It was a crisp, summer morning. I drove my son to school as always, chatting about what lessons he had planned for the day and catching up with him about his life and his emotions; something I felt was of importance to embrace the bond between us.
As we arrived at the school, there was a line of cars with eager parents saying their farewells to their kids; a regular occurrence, which made it sometimes impossible to find anywhere to pull in and stop. So fearing my son was potentially going to show up late for his day of education, I pulled up against the red curb across the street. It was only going to be a second, so I thought I could get away with it with no hassle. My son climbed out of the car, we said our farewells and he walked across the road to the school entrance as I watched, making sure he was safe.
Just as I prepared myself to pull away from the curb, I noticed an LAPD patrol car advancing towards me on the other side of the road. The car came to a gradual halt next to mine, as the officer behind the wheel rolled his window down and glanced over at me. I knew in my gut that I was in trouble; I'd been caught red handed! I rolled my window down; ready to accept the consequences of my poor parking judgment. But what happened next though, made a bad situation even worse.
"Hey, I know you," the surprised officer said as he studied me.
I was so flattered to be recognized by an officer of the law that I literally forgot about the situation at hand.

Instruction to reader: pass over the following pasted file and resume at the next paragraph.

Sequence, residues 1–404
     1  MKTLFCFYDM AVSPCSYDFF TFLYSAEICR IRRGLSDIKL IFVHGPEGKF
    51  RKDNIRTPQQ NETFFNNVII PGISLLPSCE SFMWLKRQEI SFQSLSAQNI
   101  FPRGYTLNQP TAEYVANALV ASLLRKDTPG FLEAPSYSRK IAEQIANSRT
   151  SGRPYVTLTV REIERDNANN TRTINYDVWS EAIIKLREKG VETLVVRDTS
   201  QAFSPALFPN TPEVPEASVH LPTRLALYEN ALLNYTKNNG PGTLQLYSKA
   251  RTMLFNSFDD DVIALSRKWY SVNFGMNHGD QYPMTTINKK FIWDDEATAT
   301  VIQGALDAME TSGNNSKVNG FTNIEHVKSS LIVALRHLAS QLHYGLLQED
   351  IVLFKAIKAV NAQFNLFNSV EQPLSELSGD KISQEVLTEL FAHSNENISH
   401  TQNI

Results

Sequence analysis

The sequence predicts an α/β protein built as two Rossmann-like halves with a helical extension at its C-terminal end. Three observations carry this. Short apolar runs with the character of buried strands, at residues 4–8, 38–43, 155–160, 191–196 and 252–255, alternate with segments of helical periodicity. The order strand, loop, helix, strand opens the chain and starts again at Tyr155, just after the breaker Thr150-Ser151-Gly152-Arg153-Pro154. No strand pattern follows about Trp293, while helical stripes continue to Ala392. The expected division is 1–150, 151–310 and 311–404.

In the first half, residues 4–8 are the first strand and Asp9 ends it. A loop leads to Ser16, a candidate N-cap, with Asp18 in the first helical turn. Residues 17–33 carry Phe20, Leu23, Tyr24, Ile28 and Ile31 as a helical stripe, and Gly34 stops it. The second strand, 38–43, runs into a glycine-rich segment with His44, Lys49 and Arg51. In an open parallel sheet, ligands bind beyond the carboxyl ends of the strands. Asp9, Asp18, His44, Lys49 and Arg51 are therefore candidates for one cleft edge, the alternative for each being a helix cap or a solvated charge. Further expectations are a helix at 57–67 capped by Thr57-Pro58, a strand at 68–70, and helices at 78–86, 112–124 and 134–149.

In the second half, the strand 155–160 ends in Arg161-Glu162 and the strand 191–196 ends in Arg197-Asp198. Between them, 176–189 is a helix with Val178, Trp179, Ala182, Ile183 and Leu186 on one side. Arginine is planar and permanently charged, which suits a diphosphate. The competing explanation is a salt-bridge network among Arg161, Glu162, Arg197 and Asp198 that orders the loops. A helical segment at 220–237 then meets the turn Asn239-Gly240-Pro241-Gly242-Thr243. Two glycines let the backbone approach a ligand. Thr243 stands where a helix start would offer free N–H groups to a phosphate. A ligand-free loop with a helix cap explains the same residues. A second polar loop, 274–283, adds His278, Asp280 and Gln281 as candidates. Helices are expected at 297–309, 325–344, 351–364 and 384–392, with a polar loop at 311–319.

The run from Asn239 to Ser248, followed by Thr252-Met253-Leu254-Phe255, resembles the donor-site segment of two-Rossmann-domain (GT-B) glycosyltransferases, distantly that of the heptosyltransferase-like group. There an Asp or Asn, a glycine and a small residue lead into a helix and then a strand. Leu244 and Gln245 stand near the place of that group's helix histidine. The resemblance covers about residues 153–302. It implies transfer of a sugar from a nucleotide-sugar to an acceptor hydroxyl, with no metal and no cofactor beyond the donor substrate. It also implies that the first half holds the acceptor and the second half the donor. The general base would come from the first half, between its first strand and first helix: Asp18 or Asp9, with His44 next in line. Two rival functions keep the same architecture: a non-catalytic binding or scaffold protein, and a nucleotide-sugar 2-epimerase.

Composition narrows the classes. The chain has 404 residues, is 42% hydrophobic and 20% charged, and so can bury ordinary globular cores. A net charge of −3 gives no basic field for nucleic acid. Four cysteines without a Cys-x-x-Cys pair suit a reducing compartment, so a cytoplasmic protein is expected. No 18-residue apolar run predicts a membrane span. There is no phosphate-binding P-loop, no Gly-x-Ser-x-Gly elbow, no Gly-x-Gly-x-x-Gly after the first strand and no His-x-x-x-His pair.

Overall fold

"You own a martial arts school, right?" he asked, sternly.
“I do, yes…” I proudly replied.“
The Officer nodded his head during a slight pause as he gave my car a disapproving look. ”Nice example to set for our kids, man. Way to go!"
The Officer drove away as I sat in my seat, completely defeated. I felt completely and utterly humiliated. In one second I had switched from the local celebrity to the local idiot. I almost wished the officer had given me a ticket; hell, I would have rather been arrested than made to feel like I did at that time!
I drove further up the road and parked in a space, out of the way of any parents dropping their children off outside the school gates. I just sat there, complete pain overcoming me. I could not get the shame out of my head and became obsessed with finding ways in which I could change the officer's opinion of me. Maybe I could take a coffee to the police station for him the next morning? Perhaps I could ask an LAPD friend of mine to reach out on my behalf and put in a good word for me? Or could I undertake some volunteering or community service for the officer to prove to him I was a decent member of society? I was prepared to do anything that would change the opinion of the officer about my character.
Then it hit me. I was trying so hard to talk myself out of a situation that I have behaved myself into. It had been a humbling lesson to start the morning. Consequences are what influence the actions all of us take on a daily basis. But unpleasant outcomes can keep us from repeating the same mistakes, and this episode was definitely one of them. I always take more care now where I park my car; the examples I aim to set should not be prioritized in my own world, but in everybody else’s too. This is what makes a person a strong member of society.